Prime Minister Benjamin Netanyahu said police probes into his affairs are based on a “mess of falsehoods” and will “come to nothing.”
In an interview with Channel 2 News Saturday night, excerpts of which were released early, the prime minister was asked why he thought he was the subject of numerous, ongoing police inquiries into possible wrongdoing on his part.
“I have no idea. I have no idea,” he said. “There are many attempts to heap a mess of falsehoods upon (police). And I say again what I have said many times before, and you’ll see it will be so: It will come to nothing, because there is nothing.”
The premier also defended his supportive phone call earlier this year to the father of an Israeli soldier currently on trial for the killing of an incapacitated Palestinian attacker in Hebron.
Netanyahu, whose conversation with Charlie Azaria in late March was criticized by some as inappropriate — as judges have yet to rule in the case of Azaria’s son Elor — told Channel 2 News he had no regrets on the matter.
“You know what I told him? Word for word: Place your trust in the IDF, in the chief of staff, in our commanders and soldiers and our justice system.”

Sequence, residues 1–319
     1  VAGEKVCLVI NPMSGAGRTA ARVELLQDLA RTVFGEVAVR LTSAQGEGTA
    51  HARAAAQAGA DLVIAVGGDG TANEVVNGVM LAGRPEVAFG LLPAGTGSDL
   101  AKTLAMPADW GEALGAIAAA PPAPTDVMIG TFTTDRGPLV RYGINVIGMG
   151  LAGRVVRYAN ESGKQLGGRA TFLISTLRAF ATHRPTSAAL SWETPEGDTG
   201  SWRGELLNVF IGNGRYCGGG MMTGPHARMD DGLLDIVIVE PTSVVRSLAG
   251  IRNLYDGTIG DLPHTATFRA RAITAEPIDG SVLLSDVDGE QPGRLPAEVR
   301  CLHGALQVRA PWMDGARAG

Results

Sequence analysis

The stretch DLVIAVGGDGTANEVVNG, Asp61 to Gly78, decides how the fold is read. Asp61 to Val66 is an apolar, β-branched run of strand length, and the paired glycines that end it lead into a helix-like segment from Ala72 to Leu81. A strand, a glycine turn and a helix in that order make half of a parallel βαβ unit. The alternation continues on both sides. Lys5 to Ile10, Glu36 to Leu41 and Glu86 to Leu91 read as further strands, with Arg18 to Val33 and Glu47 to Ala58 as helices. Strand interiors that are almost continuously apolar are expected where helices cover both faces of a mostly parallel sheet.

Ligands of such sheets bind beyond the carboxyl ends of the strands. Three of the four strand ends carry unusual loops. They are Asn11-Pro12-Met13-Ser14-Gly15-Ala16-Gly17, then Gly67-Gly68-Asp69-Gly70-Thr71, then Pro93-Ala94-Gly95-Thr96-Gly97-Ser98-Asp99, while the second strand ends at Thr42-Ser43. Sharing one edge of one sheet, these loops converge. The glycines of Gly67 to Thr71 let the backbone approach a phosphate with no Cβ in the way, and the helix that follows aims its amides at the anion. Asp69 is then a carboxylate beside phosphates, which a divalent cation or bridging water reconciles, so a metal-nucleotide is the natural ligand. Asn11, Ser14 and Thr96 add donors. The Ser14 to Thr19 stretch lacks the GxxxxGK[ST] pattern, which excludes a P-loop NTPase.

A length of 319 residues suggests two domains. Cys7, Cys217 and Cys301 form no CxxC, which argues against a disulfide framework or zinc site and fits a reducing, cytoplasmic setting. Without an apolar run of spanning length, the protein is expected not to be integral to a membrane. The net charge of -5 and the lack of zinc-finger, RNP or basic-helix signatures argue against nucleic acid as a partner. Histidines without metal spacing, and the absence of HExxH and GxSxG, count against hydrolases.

Netanyahu added: “I’ve called many distressed parents whose children fell [in combat] or were declared MIA…and here [too] we have a matter of great distress for Israelis, I want you to understand that.”
Azaria has been charged with manslaughter after being filmed shooting Palestinian assailant Abdel Fattah al-Sharif in the head on March 24, nearly 15 minutes after Sharif was shot by soldiers after he tried to stab them in Hebron.
The soldier testified in July that he feared al-Sharif’s body was fitted with a bomb. Prosecutors have disputed this.
The killing made international headlines and the subsequent trial has sparked much controversy and inflamed political tensions in Israel, with far-right supporters and some politicians accusing the defense establishment of abandoning one of its own.
“There are countless parents who see their children, male and female soldiers, who are in an almost impossible situation,” Netanyahu said. “On the one hand they need to defend themselves, and on the other it’s a problem — not to have a light finger on the trigger. And that’s not easy.”
Netanyahu said he drew on his own past experience as an officer in the elite Sayeret Matkal commando unit in understanding soldiers’ conundrum.
“I was in that situation. I faced many instances in which we clashed or almost clashed with the enemy. I had to decide when to shoot and when not to shoot. It wasn’t easy for an officer in Sayeret Matkal and I think it isn’t easy for any soldier.
“So that statement — let the military decide — was correct not just for this father but for all fathers and mothers.”